NFL stars weigh in on Dolphins' racial bullying controversy

theGRIO REPORT - Miami Dolphin offensive lineman Richie Incognito has been suspended by the team, following reports that he sent teammate Jonathan Martin threatening and racist text messages and voice mails...

Miami Dolphin offensive lineman Richie Incognito has been suspended by the team, following reports that he sent teammate Jonathan Martin threatening, racist text messages and voice mails.

The story broke headlines last week when Martin left the team after being the target of a lunch time cafeteria prank. The 24-year-old allegedly sat down at a table with other teammates, and his other teammates then got up and left him there alone.

According to Fox Sports, Martin “flipped out,” threw his tray on the ground and left. He has not returned to the team since.

When the topic of bullying first appeared in reports, Incognito took to his Twitter account to suggest he is not part of any wrongdoing.

https://twitter.com/68INCOGNITO/status/396981940206985216

Incognito was suspended indefinitely by the Dolphins on Sunday night for conduct detrimental to the team.

According to ESPN the following is a transcript of a voice mail that Incognito left Martin in April 2013: “Hey, wassup, you half n***** piece of [expletive]. I saw you on Twitter, you been training 10 weeks. [I want to] [expletive] in your [expletive] mouth. [I’m going to] slap your [expletive] mouth, I’m gonna slap your real mother across the face (laughter). [Expletive] you, you’re still a rookie. I’ll kill you.”

Fellow offensive lineman Nate Garner told the Palm Beach Post that the situation between Incognito and Martin was nothing out of the ordinary, calling it “normal stuff.”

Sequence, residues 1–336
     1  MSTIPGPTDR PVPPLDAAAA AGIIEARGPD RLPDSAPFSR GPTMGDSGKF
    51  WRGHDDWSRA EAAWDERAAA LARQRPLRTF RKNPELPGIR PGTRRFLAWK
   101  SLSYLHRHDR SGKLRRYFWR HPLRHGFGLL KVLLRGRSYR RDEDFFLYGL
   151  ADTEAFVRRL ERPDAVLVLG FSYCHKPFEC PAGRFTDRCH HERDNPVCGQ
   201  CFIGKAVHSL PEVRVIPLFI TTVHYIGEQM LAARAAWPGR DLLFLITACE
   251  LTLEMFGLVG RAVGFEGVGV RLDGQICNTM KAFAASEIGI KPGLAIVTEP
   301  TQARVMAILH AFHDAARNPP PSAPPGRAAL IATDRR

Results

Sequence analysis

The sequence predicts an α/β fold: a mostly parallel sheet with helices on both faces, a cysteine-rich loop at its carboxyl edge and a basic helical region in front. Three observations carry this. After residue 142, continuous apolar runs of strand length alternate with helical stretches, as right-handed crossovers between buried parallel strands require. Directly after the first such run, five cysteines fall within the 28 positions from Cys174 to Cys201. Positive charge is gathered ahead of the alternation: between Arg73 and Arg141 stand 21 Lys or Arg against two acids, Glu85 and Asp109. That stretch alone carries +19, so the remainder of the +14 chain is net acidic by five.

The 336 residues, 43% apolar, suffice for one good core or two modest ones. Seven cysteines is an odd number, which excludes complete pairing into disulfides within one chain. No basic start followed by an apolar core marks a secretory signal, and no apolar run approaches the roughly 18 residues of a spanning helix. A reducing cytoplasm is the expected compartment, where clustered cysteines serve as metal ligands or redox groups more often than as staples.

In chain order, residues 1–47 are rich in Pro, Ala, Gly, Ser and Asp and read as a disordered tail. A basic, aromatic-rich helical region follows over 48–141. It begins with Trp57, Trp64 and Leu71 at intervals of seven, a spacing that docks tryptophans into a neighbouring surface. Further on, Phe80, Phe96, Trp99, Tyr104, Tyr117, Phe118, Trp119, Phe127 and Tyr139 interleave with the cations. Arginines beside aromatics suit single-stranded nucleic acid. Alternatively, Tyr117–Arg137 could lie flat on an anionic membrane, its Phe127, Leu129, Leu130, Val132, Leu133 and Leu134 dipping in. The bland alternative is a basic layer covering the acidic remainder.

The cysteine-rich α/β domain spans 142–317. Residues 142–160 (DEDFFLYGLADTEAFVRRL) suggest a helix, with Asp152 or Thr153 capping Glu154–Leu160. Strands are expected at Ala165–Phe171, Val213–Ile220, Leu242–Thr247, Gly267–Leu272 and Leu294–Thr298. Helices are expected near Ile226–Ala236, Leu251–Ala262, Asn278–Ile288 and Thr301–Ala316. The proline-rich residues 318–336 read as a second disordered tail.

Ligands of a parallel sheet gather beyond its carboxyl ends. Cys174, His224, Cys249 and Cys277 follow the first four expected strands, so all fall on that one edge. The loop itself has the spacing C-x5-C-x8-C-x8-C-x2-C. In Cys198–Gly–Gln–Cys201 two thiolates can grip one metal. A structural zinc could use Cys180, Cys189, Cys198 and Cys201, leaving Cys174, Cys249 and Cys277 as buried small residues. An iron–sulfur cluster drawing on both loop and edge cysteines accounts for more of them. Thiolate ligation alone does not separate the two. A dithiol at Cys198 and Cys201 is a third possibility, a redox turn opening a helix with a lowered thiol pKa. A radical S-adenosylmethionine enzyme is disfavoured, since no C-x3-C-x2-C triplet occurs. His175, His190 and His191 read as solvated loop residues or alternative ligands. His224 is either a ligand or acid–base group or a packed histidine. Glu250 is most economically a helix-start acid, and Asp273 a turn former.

Karlos Dansby, who played on the Dolphins last year with both Incognito and Martin, told the Arizona Republic that Incognito is a “down-to-earth guy.”

“I hate all this came out about him,” Dansby said. “It’s really attacking his character. I hope Martin doesn’t have any backlash from this from the rest of his teammates.”

The NFL Players Association released this statement earlier today:

We expect that the NFL and its clubs create a safe and professional workplace for all players and that owners, executives, coaches and players should set the best standards and examples. It is the duty of this union to hold the clubs and teams accountable for safety and professionalism in the workplace.

As the representative organization of all players, the NFLPA will insist on a fair investigation for all involved. We will continue to remain in contact with the impacted players, their representatives and player leadership.

This is not Incognito’s first incident that has affected his football career.

The former University of Nebraska player was suspended for the 2004 season due to repeated violation of team rules.

In 2009, Incognito was released from the St. Louis Rams following an argument with then-coach Steve Spangnuolo about multiple personal fouls in one game.

In a preseason game this August, Houston Texans defensive lineman Antonio Smith swung his helmet at Incognito, resulting in a fine.

“You are what you are I guess,” Smith told ESPN Monday in response to the Dolphins’ incident. “That doesn’t surprise me one bit.”

While hazing of rookies in the NFL is nothing new, the debate as to whether Incognito took it too far is getting heated.

Follow Carrie Healey on Twitter @CarrieHeals

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